Brazil's president signed a law on Friday establishing a truth commission to investigate human rights abuses by the military regime that ruled Latin America's biggest country from 1964 to 1985.
President Dilma Rousseff will appoint the seven members of the commission, which will have two years to complete a report.
The board will have subpoena power, can demand any document it wants from the government and can put witnesses under oath. But its recommendations won't result in any prosecutions as long as the country's 1979 amnesty law remains intact.
Unlike Argentina, Chile and Uruguay, which also had repressive military regimes, Brazil has never punished military officials accused of human rights abuses.
Rousseff also signed the "information access law" giving Brazilians the right to obtain information from federal, state and municipal government agencies.
The law establishes a 50-year limit on the amount of time documents considered "ultra secret" can be kept locked up.
"These two laws commemorate transparency and celebrate truth," Rousseff said at the signing ceremony. "They represent a decisive step toward the consolidation of Brazil's democracy."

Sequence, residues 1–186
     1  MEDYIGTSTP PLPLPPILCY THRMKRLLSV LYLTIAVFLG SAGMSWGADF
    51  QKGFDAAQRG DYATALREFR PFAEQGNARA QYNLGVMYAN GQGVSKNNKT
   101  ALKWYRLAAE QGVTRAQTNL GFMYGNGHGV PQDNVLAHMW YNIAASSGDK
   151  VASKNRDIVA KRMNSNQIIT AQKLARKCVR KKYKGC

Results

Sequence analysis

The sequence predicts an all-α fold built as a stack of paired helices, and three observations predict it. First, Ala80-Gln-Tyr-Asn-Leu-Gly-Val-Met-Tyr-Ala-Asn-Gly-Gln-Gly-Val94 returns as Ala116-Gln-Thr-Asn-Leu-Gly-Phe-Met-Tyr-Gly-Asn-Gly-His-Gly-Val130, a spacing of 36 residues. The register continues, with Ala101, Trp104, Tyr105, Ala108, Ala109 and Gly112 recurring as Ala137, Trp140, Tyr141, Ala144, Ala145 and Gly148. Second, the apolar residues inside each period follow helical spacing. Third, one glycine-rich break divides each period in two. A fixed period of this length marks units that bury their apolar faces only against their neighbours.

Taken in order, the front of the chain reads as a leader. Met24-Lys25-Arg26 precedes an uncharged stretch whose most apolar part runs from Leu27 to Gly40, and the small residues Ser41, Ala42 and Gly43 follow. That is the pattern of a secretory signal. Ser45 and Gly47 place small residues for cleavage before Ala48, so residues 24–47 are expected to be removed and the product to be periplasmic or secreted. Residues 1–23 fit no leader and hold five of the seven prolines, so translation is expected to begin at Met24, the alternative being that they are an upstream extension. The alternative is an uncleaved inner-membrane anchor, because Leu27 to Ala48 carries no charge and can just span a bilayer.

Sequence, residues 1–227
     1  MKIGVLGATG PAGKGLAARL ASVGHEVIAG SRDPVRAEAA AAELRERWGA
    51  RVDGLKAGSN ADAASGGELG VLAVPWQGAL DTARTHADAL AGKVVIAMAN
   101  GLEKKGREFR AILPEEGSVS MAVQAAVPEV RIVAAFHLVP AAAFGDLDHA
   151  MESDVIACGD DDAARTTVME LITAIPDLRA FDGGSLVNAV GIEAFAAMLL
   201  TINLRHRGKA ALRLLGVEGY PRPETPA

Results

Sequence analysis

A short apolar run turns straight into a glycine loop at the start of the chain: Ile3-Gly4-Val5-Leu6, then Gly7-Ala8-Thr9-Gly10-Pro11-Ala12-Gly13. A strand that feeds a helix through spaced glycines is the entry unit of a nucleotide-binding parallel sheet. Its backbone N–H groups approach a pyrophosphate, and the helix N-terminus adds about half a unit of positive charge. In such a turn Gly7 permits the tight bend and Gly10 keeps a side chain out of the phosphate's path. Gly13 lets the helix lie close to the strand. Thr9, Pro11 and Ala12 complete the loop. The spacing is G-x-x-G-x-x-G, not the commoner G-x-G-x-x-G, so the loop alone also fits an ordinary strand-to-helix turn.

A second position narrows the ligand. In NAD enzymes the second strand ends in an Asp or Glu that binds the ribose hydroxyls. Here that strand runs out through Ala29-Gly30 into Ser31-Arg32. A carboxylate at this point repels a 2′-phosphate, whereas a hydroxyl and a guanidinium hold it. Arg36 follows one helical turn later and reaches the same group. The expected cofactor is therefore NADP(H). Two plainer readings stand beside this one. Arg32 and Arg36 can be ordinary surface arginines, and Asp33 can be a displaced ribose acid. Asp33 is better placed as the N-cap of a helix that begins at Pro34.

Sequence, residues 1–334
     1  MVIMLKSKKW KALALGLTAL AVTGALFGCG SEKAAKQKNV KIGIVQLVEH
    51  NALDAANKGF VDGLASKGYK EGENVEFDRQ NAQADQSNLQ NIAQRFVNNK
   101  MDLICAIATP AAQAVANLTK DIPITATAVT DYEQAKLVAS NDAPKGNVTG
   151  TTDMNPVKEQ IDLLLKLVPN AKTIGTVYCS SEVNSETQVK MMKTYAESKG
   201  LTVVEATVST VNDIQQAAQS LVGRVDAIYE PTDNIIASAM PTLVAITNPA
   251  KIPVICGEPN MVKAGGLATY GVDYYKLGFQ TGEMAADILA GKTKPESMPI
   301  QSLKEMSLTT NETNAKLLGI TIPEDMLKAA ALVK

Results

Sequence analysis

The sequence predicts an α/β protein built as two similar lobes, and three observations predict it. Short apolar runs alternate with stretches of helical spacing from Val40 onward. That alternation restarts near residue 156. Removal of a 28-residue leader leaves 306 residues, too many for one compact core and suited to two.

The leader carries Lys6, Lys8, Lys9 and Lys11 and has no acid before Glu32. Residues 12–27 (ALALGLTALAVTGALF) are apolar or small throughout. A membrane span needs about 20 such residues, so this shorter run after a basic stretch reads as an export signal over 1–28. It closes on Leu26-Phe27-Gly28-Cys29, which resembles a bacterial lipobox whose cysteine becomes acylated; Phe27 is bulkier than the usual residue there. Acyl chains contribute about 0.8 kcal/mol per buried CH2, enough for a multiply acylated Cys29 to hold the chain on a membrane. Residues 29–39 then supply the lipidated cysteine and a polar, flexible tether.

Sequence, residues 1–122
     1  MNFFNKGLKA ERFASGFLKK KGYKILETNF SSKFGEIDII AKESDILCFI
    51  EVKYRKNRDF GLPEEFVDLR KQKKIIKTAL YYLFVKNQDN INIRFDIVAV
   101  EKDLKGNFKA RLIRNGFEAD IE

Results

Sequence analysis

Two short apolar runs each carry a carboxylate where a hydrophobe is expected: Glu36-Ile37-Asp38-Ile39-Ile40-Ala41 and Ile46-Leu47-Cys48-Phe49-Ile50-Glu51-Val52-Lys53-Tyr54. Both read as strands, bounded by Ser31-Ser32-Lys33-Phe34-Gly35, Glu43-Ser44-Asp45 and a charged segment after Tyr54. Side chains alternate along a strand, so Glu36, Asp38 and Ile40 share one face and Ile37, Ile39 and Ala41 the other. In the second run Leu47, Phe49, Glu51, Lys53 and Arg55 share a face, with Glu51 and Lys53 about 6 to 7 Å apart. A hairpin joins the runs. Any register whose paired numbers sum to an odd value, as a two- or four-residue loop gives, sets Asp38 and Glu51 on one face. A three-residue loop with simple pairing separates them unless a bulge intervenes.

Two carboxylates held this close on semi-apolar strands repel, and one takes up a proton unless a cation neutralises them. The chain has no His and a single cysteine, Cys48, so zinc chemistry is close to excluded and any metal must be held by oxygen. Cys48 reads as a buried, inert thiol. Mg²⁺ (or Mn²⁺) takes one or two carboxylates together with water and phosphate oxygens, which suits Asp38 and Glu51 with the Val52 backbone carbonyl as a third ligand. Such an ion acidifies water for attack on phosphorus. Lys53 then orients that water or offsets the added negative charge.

Rousseff is a former guerrilla who was arrested and tortured in prison during the dictatorship.
The armed forces backed the commission after being assured that it would investigate abuses committed by rebels as well as by the military. They were also assured that the amnesty law that released civilians and the military from liability for politically motivated crimes will remain unaltered.
A recent study by the Brazilian government said 475 people were killed or "disappeared" by agents of the military regime.
"The youth and future generations must know the truth of our recent past when many people were arrested, tortured and killed," Rousseff said. "The truth about our past must be known so that acts like these that stained our history are never again repeated."
Besides Rousseff, several leading figures in Brazil were imprisoned, tortured or exiled.
Former President Luiz Inacio Lula da Silva was briefly imprisoned for standing up to the government as a union leader, and his predecessor, Fernando Henrique Cardoso, went into exile, as did singer Gilberto Gil, who later became culture minister.